Vancouver: projets et actualités

Projet de piétonnisation de Gastown pour les mois de juillet et août

Gastown to go car-free this summer

Vancouver City Council has passed a motion to make Gastown car-free this summer. Kate Walker has more on the pilot project, that aims to make the popular Vancouver neighborhood more accessible to tourists.

Vancouver’s Gastown will go car-free this summer

By Sonia Aslam and Cole Schisler
Posted February 7, 2024 7:15 am.
Last Updated February 7, 2024 7:41 pm.

Traffic will look much different this summer in one popular Vancouver neighbourhood.

On Wednesday, city council unanimously passed a motion to make Gastown car-free for the months of July and August.

This will mark the beginning of a pilot project, which will see Water Street, from Richards to Cambie streets, pedestrian-only, and the two interior blocks of Water Street from Cambie through Abbott and Carrall streets “car-light.”

Vancouver City Councillor Sarah Kirby-Yung says the project will come at a perfect time, with Vancouver already in a global spotlight.

“This gives us the chance to have two summers before we literally host the world with FIFA coming,” she said.

After July and August, staff will revisit the pilot project in the fall to figure out next steps. Those would include what other areas of the city could look the same and whether it would be made permanent or kept seasonal.

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“This would create an enhanced pedestrian experience along all blocks of Water Street, while also accommodating access to residential buildings, the Easy Park parkade, tour bus pick up and drop off, and loading and delivery for businesses,” the City of Vancouver staff report explained.

The report notes staff have discussed the plans with the Gastown Business Improvement Society (GBIS).

“The GBIS has expressed concern about the overall duration of the traffic pattern changes in the neighbourhood, which would run from March to early September. Staff have considered alternative approaches to the summer pilot to reduce the closure duration,” the report said.

“In response to a specific request from GBIS, staff considered making the pilot concurrent with construction. Unfortunately, this would mean trying to pilot a pedestrian-first street during off-peak months and while one of the primary public spaces, Maple Tree Square, is under construction. Staff do not believe this would set the pilot up for success.”

This is the next phase in a larger multi-year $10 million plan which also includes repairs, maintenance and increasing the heritage look of the neighbourhood to make it, what the city describes as, vibrant.

Gastown business community split on project

Wally Wargolet, executive director of the Gastown Business Improvement Association, is raising concerns about the plan on behalf of his association, which represents 564 members.

Wargolet says while he’s appreciative of the investment, he doesn’t think the car-free pilot project is a good idea.

“We’re concerned about the fiscal responsibility of taking $10 million dollars, and taking 45 per cent of that to invest in infrastructure — which is why this conversation started — we started because we were concerned about the decay of our neighbourhood,” he said.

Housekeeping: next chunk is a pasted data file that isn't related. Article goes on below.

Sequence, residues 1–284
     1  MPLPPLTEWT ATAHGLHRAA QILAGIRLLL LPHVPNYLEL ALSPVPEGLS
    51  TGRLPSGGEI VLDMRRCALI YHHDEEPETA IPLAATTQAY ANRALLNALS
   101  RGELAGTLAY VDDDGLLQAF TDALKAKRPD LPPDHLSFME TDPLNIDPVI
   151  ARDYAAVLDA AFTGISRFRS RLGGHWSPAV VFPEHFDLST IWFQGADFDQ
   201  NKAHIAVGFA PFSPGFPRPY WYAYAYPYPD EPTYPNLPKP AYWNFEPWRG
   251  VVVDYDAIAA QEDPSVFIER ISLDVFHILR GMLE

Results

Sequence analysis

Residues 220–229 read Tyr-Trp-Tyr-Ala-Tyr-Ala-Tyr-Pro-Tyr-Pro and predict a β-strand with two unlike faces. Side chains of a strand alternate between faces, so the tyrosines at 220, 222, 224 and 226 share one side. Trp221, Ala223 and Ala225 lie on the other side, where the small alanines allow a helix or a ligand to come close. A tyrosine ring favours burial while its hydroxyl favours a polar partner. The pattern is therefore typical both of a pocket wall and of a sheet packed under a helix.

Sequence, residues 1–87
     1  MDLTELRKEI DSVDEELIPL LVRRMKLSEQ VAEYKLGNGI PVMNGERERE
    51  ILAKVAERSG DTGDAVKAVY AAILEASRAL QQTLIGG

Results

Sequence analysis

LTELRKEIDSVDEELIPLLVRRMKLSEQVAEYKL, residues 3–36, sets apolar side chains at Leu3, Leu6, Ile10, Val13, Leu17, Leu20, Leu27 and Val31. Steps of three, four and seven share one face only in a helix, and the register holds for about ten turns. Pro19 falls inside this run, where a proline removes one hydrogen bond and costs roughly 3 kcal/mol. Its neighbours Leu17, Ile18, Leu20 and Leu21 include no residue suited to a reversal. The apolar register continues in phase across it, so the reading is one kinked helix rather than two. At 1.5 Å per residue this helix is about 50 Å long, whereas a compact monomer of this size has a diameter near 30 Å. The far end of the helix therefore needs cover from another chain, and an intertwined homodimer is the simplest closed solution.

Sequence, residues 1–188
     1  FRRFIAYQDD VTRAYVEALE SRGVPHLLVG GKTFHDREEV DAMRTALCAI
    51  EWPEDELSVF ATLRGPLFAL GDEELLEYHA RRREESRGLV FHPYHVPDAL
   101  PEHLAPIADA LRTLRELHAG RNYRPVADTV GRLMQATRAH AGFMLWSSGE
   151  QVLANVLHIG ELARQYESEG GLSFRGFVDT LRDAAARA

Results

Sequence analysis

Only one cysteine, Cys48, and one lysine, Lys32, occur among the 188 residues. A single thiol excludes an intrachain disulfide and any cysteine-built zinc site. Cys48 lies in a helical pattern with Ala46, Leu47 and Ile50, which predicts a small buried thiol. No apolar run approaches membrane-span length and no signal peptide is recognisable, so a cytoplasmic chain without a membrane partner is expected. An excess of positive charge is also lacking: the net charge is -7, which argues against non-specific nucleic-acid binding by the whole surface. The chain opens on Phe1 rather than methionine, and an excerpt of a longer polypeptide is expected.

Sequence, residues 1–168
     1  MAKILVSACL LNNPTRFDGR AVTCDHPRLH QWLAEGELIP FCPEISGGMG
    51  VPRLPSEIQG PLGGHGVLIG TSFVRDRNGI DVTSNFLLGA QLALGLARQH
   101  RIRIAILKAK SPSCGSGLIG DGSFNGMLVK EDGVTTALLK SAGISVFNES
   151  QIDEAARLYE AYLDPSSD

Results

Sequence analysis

“To say we’re now going to spend 55 per cent on a study and a pilot, doesn’t make good fiscal sense.”

Wargolet added that the report from staff doesn’t paint a clear picture of concerns from the business community.

“We don’t have clear metrics of how we’re going to measure success,” he said. “More people on the streets is awesome, but in our conversations with San Diego and with Montreal, yes, they have seen more people on the streets, but that does not equate to more dollars at our businesses.”

Multiple business owners expressed concerns about access to their businesses, parking, public safety and public washrooms.

But David Jones, owner of Vinyl Records on Water Street, says he welcomes the move.

“I’m really happy about it. It’s finally forward thinking in Vancouver, like many other big cities in the world that have done this and been successful with it,” he told CityNews.

Jones says he’s not concerned about access for delivery vehicles because they will have alternative routes to get into the neighbourhood. He adds that the pilot project will take place at the busiest time of year, so even if it doesn’t increase business, it will definitely improve the community feel.

“I already was thinking about getting a busking license for out front so we can have performances,” he said. “If they are closing the road down, that’s meaningful to me. It’ll make it more of a community, make it safe for families and children.”

John Bucan, district manager for Maison & Café Kitsuné, says he’s also excited to participate.

“Because during the summertime, we get a lot of tourists in this area. Cruise ship docks, like three of them come at the same time,” he said.

“The more people the merrier for the businesses. I’m really excited about it.”

-With files from Kate Walker

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“We don’t have clear metrics of how we’re going to measure success,” he said. “More people on the streets is awesome, but in our conversations with San Diego and with Montreal, yes, they have seen more people on the streets, but that does not equate to more dollars at our businesses.”

Je pensais que la SDC Mont-Royal a toujours dit que l’achalandage dû à la piétonnisation faisait bonne affaire?

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